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Reconsidering the nature and mode of action of metabolite retrograde signals from the chloroplast

Estavillo, Gonzalo M.; Chan, Kai Xun; Phua, Su Yin; Pogson, Barry

Description

Plant organelles produce retrograde signals to alter nuclear gene expression in order to coordinate their biogenesis, maintain homeostasis, or optimize their performance under adverse conditions. Many signals of different chemical nature have been described in the past decades, including chlorophyll intermediates, reactive oxygen species (ROS), and adenosine derivatives. While the effects of retrograde signaling on gene expression are well understood, the initiation and transport of the signals...[Show more]

dc.contributor.authorEstavillo, Gonzalo M.
dc.contributor.authorChan, Kai Xun
dc.contributor.authorPhua, Su Yin
dc.contributor.authorPogson, Barry
dc.date.accessioned2016-02-03T02:44:56Z
dc.date.available2016-02-03T02:44:56Z
dc.identifier.issn1664-462X
dc.identifier.urihttp://hdl.handle.net/1885/97570
dc.description.abstractPlant organelles produce retrograde signals to alter nuclear gene expression in order to coordinate their biogenesis, maintain homeostasis, or optimize their performance under adverse conditions. Many signals of different chemical nature have been described in the past decades, including chlorophyll intermediates, reactive oxygen species (ROS), and adenosine derivatives. While the effects of retrograde signaling on gene expression are well understood, the initiation and transport of the signals and their mode of action have either not been resolved, or are a matter of speculation. Moreover, retrograde signaling should be considered as part of a broader cellular network, instead of as separate pathways, required to adjust to changing physiologically relevant conditions. Here we summarize current plastid retrograde signaling models in plants, with a focus on new signaling pathways, SAL1-PAP, methylerythritol cyclodiphosphate (MEcPP), and β-cyclocitral (β-CC), and outline missing links or future areas of research that we believe need to be addressed to have a better understanding of plant intracellular signaling networks.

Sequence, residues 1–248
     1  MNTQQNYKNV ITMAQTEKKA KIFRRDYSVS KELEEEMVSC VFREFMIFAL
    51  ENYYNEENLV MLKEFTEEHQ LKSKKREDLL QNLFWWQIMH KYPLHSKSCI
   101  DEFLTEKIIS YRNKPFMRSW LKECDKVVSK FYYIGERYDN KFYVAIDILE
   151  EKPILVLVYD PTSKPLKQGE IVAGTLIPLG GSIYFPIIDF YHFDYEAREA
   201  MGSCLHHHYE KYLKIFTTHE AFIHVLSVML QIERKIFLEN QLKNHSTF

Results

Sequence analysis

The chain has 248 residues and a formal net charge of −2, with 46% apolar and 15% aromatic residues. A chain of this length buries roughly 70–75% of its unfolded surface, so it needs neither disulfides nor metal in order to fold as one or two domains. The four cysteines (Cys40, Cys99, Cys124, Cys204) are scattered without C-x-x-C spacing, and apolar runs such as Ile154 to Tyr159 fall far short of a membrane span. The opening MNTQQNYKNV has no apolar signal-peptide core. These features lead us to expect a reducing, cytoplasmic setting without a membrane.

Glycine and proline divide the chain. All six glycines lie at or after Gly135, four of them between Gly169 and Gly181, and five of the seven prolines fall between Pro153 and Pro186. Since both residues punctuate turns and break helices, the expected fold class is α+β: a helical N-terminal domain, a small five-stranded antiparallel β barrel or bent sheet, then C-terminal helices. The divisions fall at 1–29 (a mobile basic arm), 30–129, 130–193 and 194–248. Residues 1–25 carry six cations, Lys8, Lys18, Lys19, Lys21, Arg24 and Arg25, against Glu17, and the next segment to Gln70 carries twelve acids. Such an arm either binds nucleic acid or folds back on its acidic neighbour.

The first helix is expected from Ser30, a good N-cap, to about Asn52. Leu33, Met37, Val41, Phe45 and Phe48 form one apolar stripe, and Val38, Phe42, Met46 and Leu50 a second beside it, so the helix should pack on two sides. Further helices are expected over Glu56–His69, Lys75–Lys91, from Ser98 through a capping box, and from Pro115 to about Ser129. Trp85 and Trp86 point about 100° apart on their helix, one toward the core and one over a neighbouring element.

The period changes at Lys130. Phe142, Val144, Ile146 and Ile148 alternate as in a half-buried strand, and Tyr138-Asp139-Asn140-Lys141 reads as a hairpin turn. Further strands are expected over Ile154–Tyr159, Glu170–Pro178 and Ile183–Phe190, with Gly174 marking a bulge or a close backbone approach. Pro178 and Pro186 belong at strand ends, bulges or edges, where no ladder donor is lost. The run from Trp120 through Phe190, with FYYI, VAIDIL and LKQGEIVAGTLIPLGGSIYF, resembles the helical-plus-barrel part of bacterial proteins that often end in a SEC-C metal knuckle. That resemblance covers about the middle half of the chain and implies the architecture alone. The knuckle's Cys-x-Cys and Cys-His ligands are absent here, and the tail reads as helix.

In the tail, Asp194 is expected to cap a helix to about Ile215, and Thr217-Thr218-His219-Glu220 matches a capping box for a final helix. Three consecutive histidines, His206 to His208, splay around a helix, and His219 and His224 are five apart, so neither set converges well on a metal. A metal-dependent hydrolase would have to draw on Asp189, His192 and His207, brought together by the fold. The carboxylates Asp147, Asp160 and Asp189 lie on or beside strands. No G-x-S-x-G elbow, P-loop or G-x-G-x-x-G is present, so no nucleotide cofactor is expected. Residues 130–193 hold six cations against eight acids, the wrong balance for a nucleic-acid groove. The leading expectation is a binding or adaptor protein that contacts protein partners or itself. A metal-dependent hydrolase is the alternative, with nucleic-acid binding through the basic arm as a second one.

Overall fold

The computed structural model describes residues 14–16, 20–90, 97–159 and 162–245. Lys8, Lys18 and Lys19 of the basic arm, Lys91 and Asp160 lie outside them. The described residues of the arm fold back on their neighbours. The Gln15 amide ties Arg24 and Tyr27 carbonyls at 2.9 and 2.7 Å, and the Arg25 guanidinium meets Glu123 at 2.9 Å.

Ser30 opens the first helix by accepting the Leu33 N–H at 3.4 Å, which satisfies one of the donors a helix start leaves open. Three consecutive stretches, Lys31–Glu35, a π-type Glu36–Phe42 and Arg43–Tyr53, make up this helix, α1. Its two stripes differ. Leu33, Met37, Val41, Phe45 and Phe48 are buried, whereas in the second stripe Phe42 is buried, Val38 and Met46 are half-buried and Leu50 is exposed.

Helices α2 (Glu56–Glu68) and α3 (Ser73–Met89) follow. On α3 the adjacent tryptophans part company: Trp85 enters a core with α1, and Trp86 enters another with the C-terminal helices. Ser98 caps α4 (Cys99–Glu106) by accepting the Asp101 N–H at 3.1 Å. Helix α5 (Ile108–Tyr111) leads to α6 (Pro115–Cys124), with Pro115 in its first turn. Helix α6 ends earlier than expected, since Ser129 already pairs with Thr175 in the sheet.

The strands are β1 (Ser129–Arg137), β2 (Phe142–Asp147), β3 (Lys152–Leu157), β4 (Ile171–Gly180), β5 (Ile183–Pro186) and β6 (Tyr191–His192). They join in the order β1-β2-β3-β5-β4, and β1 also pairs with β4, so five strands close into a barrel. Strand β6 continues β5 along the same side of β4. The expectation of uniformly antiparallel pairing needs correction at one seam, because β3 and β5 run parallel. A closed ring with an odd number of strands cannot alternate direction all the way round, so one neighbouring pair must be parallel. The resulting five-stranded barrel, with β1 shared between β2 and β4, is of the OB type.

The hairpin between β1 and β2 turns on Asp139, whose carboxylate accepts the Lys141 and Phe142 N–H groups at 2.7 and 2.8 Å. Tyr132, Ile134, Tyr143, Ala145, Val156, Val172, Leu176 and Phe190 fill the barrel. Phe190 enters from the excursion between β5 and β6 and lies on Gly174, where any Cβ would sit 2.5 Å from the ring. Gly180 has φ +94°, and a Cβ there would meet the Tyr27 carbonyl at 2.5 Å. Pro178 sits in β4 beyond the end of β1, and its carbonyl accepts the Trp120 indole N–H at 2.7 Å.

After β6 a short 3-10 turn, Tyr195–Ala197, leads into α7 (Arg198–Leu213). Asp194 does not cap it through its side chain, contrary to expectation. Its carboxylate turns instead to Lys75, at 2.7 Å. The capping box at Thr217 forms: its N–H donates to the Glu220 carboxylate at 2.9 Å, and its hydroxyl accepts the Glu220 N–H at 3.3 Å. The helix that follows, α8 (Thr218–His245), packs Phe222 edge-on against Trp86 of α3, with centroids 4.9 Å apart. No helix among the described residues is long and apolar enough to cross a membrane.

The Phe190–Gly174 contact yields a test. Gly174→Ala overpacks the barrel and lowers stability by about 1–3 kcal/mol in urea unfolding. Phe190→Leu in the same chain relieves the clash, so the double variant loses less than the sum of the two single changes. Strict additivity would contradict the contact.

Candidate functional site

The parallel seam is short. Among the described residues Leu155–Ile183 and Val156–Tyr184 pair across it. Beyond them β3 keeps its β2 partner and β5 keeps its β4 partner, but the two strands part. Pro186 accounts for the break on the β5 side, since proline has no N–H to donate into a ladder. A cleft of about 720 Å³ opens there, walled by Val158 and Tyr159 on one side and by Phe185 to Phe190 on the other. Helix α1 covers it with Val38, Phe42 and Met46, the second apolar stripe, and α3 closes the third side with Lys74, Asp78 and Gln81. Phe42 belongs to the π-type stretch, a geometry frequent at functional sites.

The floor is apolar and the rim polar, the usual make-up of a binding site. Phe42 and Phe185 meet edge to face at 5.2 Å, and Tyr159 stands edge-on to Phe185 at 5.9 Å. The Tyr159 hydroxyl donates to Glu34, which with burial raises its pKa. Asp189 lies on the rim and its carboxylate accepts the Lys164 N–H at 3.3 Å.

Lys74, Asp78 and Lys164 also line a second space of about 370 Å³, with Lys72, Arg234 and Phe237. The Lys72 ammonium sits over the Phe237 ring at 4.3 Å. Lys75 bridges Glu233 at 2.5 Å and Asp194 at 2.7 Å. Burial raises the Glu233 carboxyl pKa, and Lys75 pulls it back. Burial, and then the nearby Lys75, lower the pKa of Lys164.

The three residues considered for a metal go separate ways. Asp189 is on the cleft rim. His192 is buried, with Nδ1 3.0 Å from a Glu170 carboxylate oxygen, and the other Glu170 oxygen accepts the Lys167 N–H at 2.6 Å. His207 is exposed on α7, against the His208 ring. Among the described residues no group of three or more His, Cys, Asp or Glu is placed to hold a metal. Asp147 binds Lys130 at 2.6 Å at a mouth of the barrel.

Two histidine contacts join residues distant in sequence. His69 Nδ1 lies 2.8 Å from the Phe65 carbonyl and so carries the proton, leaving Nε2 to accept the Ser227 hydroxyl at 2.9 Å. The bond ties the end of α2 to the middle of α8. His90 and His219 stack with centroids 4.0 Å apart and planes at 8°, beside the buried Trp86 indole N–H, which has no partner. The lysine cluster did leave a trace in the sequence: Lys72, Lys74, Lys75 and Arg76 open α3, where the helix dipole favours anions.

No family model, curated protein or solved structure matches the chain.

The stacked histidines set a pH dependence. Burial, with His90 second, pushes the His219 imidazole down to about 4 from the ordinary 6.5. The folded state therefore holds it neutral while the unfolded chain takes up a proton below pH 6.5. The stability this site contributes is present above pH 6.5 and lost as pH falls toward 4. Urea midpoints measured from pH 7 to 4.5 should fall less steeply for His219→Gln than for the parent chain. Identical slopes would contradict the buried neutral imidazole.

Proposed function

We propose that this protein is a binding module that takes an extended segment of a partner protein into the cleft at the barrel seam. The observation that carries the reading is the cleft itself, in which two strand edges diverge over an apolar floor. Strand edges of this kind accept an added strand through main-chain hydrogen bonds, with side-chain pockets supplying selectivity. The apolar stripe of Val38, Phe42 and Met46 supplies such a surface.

dc.description.sponsorshipCopyright Information: © 2013 Estavillo, Chan, Phua and Pogson. This is an open-access article distributed under the terms of the Creative Commons Attribution License, which permits use, distribution and reproduction in other forums, provided the original
dc.publisherFrontiers Research Foundation
dc.rights© 2013 Estavillo, Chan, Phua and Pogson. This is an open-access article distributed under the terms of the Creative Commons Attribution License, which permits use, distribution and reproduction in other forums, provided the original authors and source are credited and subject to any copyright notices concerning any third-party graphics etc.
dc.rights.urihttp://creativecommons.org/licenses/by/4.0/
dc.sourceFrontiers in Plant Science
dc.subject3′-phosphoadenosine 5′-phosphate
dc.subjectdrought
dc.subjectgene regulation
dc.subjecthigh light
dc.subjectmetabolite
dc.subjectmethylerythritol cyclodiphosphate
dc.subjectretrograde signaling
dc.subjectβ-cyclocitral
dc.titleReconsidering the nature and mode of action of metabolite retrograde signals from the chloroplast
dc.typeJournal article
local.description.notesImported from ARIES
local.identifier.citationvolume3
dc.date.issued2013-01-04
local.identifier.absfor060705
local.identifier.ariespublicationu4956746xPUB331
local.publisher.urlhttp://www.frontiersin.org/
local.type.statusPublished Version
local.contributor.affiliationEstavillo, Gonzalo, College of Medicine, Biology and Environment, CMBE Research School of Biology, Division of Plant Sciences, The Australian National University
local.contributor.affiliationChan, Kai Xun, College of Medicine, Biology and Environment, CMBE Research School of Biology, Division of Plant Sciences, The Australian National University
local.contributor.affiliationPhua, Su Yin, College of Medicine, Biology and Environment, CMBE Research School of Biology, Division of Plant Sciences, The Australian National University
local.contributor.affiliationPogson, Barry, College of Medicine, Biology and Environment, CMBE Research School of Biology, Division of Plant Sciences, The Australian National University
dc.relationhttp://purl.org/au-research/grants/arc/CE0561495
dc.relationhttp://purl.org/au-research/grants/arc/LP110200257
local.identifier.essn1664-462X
local.bibliographicCitation.issueArticle 300
local.bibliographicCitation.startpage300
local.bibliographicCitation.lastpage9
local.identifier.doi10.3389/fpls.2012.00300
local.identifier.absseo970106
dc.date.updated2022-03-13T07:17:43Z
local.identifier.scopusID2-s2.0-84878221380
local.identifier.thomsonID000329469900001
dcterms.accessRightsOpen Access
dc.rights.licenseAll Frontiers articles from July 2012 onwards are published with open access under the CC-BY Creative Commons attribution license (the current version is CC-BY, version 4.0 http://creativecommons.org/licenses/by/4.0/). This means that the author(s) retain copyright, but the content is free to download, distribute and adapt for commercial or non-commercial purposes, given appropriate attribution to the original article.
CollectionsANU Research Publications

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